After I have completed the first round with the suppliers, I will generally start working with my industry peers. We have made several contacts over the years and now is the time to leverage those relationships. By the way, this is a really good reason not to burn bridges in your industry. You need local friends in your business. Let the sales people slug it out, but maintain friendly relationships with competitive owners.

Start with the local competitors. They have the most to lose if you start dumping cheap product in the marketplace. They may want to cherry pick your inventory, but I suggest that you try to liquidate in large bundles. For example, $10,000 purchases buy them 25% off your cost. $5000 purchases buy them 15% off your cost. At the risk of being redundant, this process will be much easier if you have created friends in the local market.

Once you have exhausted your local opportunities, start contacting competitive companies outside your local market. If you have been involved in your industry, you should know who sells particular lines. If you don’t, check on manufacturer websites for a dealer locator. If you belong to a trade association, they should be able to provide you a list of companies in the industry. I have had very good success offering companies inventory at around 15% below my cost. Here is the kicker, you have to pay for shipping. There are two words that get the attention of most buyers: free freight. Remember, you are in the business of liquidation.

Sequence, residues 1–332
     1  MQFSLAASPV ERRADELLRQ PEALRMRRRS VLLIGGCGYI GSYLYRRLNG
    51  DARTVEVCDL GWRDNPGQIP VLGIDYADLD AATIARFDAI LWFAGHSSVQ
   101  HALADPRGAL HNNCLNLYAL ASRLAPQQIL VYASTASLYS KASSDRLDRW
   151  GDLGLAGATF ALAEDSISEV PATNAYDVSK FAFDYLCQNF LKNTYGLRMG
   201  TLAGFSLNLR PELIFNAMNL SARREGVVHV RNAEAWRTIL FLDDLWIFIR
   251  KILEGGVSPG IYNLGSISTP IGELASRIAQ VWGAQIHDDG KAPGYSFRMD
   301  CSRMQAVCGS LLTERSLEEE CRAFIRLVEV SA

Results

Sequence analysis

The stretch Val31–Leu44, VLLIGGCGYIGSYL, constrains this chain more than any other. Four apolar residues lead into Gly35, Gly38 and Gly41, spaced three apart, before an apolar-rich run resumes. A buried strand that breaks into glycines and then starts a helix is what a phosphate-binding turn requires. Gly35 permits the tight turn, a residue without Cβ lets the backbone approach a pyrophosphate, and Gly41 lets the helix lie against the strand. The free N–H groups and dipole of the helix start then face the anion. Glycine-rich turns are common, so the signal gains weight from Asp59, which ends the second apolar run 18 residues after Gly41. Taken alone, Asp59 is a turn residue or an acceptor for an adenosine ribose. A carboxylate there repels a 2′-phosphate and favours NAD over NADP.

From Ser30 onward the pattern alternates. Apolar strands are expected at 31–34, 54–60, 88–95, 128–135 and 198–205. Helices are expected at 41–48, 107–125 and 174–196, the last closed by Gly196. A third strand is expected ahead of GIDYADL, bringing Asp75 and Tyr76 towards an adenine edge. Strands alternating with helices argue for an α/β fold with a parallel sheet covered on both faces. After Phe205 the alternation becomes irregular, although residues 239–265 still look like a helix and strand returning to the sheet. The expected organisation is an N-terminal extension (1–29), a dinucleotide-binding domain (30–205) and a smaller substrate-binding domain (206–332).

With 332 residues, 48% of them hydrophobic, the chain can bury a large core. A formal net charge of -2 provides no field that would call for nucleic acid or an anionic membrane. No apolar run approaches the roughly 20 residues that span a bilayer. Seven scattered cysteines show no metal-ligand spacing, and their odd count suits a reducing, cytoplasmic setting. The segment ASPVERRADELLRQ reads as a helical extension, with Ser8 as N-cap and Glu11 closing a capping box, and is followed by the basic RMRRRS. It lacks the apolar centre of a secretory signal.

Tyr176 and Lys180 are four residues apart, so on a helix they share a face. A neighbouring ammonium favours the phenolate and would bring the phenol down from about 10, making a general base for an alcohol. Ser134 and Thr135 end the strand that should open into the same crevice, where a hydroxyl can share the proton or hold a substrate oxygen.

My next avenue is with the customer base. Many people will ask why I wouldn’t start here first. As a believer in the supply chain and a desire to maintain friendships in the local community, I want others to have a shot at making a profit. Screwing up someone else’s business, just because I couldn’t make a go of it, is petty and childish. Closing a business doesn’t mean that you have to resort to gutter tactics. Integrity is doing the right thing even when nobody else is looking.

With the customers, I will often organize a yard sale or clearance event. Prior to the event, create some product bundles with complimentary items. The key to successful liquidation is that buyers never leave with just one item. Some people will recommend that this should only be a cash sale event. I may argue to the contrary. It can often be easier to turn an accounts receivable balance into cash than doing the same with inventory on the shelf. With the receivable, at least you have some legal recourse.